“And it’s girls—our daughters, granddaughters and nieces—who are most at risk in this online environment, which blends age-old sexism with a new notion of sexual liberation through being provocative. Girls who post provocative pictures often suffer shaming on- and offline. Girls are more often targeted in cyberbullying attacks that focus on their sexuality.”

Writing particularly about girls, she writes,

“Accompanying the boom in selfie culture is a rise in competitive spirit, as well as a disturbing trend of sexualization. Likes, hearts, swipes—­validation is only a tap away.”

And then she writes this very, very important sentence:

“And one of the easiest ways to get that validation is by looking hot. Sex sells, whether you’re 13 or 35.”

But remember this article appeared in Time magazine, and keep that in mind with another moral issue that Sales raises in this article and that is this: Mothers in many cases are driving and encouraging the overt sexualization of their daughters in order that their daughters might be the recipients of an increase in social status; and the other thing is that mothers, according to this article, increasingly are dressing in sexualized and provocative ways like their daughters rather than daughters dressing like their mothers. Sales writes that there once was a day when parents thought that they should protect their children and, in this case, their daughters, but now she writes parents post videos of their daughters suggestively shimmying to rock star’s videos, she says,

“…that rack up approval ratings, sometimes even media attention and ad sales.”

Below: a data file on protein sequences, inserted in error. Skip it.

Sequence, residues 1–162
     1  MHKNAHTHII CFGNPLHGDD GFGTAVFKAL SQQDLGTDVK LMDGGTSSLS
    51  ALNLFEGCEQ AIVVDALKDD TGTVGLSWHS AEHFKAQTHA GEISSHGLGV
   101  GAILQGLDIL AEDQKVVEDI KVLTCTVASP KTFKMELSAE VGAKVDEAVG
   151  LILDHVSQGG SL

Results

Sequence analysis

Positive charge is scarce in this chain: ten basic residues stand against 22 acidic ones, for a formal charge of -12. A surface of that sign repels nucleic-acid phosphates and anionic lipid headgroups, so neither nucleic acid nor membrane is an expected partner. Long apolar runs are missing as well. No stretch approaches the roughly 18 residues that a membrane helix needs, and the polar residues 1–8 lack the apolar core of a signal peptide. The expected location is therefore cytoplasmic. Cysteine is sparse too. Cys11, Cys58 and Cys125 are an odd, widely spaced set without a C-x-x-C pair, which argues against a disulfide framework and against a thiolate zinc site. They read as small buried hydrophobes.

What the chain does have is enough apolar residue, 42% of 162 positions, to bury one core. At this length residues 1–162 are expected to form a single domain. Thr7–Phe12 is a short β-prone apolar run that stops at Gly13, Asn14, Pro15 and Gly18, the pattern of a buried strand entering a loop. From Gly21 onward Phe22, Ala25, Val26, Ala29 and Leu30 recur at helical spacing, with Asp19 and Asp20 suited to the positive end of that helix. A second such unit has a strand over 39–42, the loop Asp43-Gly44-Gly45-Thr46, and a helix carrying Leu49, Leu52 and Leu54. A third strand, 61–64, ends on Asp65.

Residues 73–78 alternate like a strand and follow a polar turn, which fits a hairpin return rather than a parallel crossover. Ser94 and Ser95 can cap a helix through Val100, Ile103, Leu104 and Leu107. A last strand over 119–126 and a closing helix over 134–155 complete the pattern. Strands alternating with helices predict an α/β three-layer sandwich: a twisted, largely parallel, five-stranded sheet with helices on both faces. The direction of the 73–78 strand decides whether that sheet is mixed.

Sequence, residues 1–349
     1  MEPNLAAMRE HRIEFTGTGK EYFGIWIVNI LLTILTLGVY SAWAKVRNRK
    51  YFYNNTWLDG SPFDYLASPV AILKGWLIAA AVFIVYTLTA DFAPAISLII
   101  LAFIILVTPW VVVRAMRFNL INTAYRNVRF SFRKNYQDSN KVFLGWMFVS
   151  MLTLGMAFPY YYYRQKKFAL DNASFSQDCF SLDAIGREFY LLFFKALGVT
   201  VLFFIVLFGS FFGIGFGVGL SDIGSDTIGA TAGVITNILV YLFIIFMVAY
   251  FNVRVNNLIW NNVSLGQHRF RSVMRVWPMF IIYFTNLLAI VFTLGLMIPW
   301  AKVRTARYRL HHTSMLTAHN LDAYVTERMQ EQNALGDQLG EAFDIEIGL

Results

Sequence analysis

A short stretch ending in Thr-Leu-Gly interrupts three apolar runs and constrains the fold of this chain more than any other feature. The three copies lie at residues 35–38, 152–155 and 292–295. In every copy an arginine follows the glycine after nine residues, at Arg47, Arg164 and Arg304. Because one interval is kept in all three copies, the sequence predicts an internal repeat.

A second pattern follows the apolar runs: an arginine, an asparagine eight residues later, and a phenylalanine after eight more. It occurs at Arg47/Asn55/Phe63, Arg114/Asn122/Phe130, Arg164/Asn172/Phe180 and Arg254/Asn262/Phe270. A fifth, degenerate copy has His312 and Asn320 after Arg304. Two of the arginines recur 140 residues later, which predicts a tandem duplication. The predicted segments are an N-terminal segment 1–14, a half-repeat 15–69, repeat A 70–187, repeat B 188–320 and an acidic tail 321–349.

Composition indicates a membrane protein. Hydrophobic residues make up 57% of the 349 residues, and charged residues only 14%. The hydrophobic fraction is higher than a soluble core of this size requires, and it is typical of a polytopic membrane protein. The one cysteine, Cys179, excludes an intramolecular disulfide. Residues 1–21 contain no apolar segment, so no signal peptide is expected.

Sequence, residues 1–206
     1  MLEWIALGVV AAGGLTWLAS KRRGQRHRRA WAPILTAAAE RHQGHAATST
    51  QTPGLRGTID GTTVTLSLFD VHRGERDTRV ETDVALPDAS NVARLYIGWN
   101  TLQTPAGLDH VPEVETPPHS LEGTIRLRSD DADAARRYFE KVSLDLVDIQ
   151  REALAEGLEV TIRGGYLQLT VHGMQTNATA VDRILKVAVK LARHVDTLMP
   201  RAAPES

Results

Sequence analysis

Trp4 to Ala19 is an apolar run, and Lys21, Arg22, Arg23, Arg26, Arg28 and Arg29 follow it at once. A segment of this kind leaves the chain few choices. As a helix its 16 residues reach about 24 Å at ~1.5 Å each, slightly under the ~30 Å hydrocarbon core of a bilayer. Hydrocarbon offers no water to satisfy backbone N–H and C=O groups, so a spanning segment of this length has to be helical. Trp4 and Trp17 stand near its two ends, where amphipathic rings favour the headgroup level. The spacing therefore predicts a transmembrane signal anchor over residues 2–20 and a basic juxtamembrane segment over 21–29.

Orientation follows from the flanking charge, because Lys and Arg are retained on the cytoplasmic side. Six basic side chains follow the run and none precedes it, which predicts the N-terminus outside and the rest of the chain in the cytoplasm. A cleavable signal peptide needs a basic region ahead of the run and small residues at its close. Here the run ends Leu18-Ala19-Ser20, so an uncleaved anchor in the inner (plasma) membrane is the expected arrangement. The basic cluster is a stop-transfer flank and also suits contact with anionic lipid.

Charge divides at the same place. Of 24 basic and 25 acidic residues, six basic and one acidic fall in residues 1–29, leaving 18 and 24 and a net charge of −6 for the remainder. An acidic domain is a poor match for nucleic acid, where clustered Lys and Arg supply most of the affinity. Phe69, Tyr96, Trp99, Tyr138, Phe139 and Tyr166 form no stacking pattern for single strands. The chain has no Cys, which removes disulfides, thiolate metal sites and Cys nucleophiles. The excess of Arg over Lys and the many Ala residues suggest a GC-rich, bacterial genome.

She writes about observing this in the city of Boca Raton, Florida, at the Grand Lux Café, watching mothers and daughters. And she writes this,

“As the girls visited their social-­media accounts, opening their Snapchats and liking and commenting on the Instagram posts of their friends, a parade of mothers and daughters drifted past, all dressed almost identically. There were teenage girls [dressed provocatively, her language is actually more provocative than that] and mothers wearing almost exactly the same things, except with heels and bling.”

Sales then writes,

“I remarked to the girls how strange it seemed to see the mothers in the mall dressed so similarly to their daughters. ‘They want to look hot,’ said Cassy, not looking up from her phone.

“’Everybody wants to look hot,’ Julie said.”

As if that’s not enough, it tells us something that this article in Time magazine goes on to raise other moral issues, including the effect of overt pornography on America’s young people and children and in the rise in plastic and aesthetic surgery for young girls, largely in order to accentuate their sexuality. Sales ends her article,

“No matter how various theorists try to minimize and even glamorize girls’ participation in social-media culture; it is girls who experience the reality of its troubling effects.”

Once again, we’re living in a society that wants to insist over and over again that there’s no essential difference between boys and girls; until obviously there is. As this article in Time magazine makes very clear, it is girls in particular who are damaged by the effects of this digital revolution and the emergence of a social media culture. For Christians, there is a wake-up call that we didn’t need or especially shouldn’t need Time magazine to raise these moral issues, nor to make the point that it is girls who are particularly vulnerable. But it does tell us something that whether its parents and educators in China or it is this expert on social media in the United States, there is still the recognition, and here it emerges in public, that there is a basic difference between boys and girls. And it also tells you a great deal about America that that, dear friends, makes news.

Dr. Mohler recording The Briefing